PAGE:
Morality and manners

Moral integrity

Ideally, good manners are an outward manifestation of morality and necessary to a civilised society in which people treat each other with respect. In Jane Austen's previous novels, good manners are a more reliable indicator of moral character, but in Persuasion that is not a safe assumption:

  • Persuasion demonstrates that good manners can merely be a façade which conceals severe moral shortcomings:
    • William Elliot is a model of good manners almost convincing Anne that his are ‘equally good' as Captain Wentworth's (Ch. 15 / Vol. 2, Ch. 3), until his immorality is exposed by Mrs. Smith (Ch. 21 / Vol. 2, Ch. 9)
    • Mrs. Clay uses good manners to hide her scheming pursuit of Sir William
  • Anne is the perfect blend of morality and manners:
    • She is polite, proper and respectful without being stodgy
    • She is virtuous without being superior or condemning others
  • Unpolished manners do not necessarily indicate a lack of morality:
    • Admiral Croft and the Harvilles are shown to have less polish, yet there is no doubt that they are morally upright.

Christian morals

While society was moving away from its dependence on the Bible as a guide to morality, Jane Austen believed that abiding by a code of Christian morality was the bedrock of a healthy, happy and productive society. Many of the virtues and their opposing vices portrayed in Persuasion can be found in the book of Proverbs in the Bible:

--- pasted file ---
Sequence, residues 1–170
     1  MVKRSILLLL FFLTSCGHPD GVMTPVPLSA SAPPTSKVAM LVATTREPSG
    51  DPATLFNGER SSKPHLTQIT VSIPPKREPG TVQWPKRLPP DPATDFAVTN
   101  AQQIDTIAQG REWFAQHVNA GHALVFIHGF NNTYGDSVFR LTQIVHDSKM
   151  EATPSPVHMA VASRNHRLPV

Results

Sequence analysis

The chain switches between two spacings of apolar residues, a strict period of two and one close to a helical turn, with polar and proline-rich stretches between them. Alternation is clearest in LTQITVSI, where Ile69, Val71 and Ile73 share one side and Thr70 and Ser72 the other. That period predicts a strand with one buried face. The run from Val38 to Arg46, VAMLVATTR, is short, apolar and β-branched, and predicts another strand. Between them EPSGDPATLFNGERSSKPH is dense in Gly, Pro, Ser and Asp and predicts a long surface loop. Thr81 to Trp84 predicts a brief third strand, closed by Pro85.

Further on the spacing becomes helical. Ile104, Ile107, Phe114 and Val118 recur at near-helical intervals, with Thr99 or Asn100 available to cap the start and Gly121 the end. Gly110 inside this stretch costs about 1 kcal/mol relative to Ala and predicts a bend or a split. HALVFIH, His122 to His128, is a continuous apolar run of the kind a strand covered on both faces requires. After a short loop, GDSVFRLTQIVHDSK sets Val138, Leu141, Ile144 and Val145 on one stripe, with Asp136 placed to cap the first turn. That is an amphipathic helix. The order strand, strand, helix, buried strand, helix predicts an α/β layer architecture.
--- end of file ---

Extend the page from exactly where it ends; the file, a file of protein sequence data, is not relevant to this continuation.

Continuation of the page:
• Humility versus pride: ‘When pride comes, then comes disgrace, but with humility comes wisdom.' (Proverbs 11:2)
  • Prudence versus folly: ‘Every prudent man acts out of knowledge, but a fool exposes his folly.' (Proverbs 13:16)
  • Charity versus selfishness: ‘One man gives freely, yet gains even more; another withholds unduly, but comes to poverty.' (Proverbs 11:24)
  • Honesty versus lying: ‘The Lord detests lying lips, but he delights in men who are truthful.' (Proverbs 12:22)
  • Flattery versus censure: ‘He who rebukes a man will in the end gain more favour than he who has a flattering tongue.' (Proverbs 28:23)
  • Diligence versus laziness ‘The sluggard craves and gets nothing, but the desires of the diligent are fully satisfied.' (Proverbs 13:4)
  • Faithfulness versus inconstancy: ‘Many a man claims to have unfailing love, but a faithful man who can find?' (Proverbs 20:6)
  • Careful words versus rash speech: ‘He who guards his lips guards his life, but he who speaks rashly will come to ruin.' (Proverbs 13:3)

The vice of vanity

Persuasion holds the vices of the country gentry up for ridicule as much as it portrays the virtue of its heroes and heroines. In the opening paragraphs of Persuasion Jane Austen launches into an exposure of the vice of vanity through the character of Sir Walter:

  • Sir Walter's vanity is two-fold - it focuses on both his appearance and his status in life
  • Sir Walter's still-born son is emblematic of the lack of productivity that results from only focusing on the self
  • Sir Walter's concern for his appearance has an effeminate quality. This is later heightened by the manliness epitomised by Captain Wentworth
  • He only enjoys people who pander to his vanity, either by reflecting it (like Elizabeth or the Dalrymples), or by flattering it (like Mrs. Clay and Lady Russell)
  • His vanity costs him Kellynch, yet his vain ways continue when he takes up residence in Bath
  • In the last chapter of the book, we see Sir Walter still focusing on appearance and rank as he inserts Captain Wentworth's name in the Baronetage. He has not changed at all.
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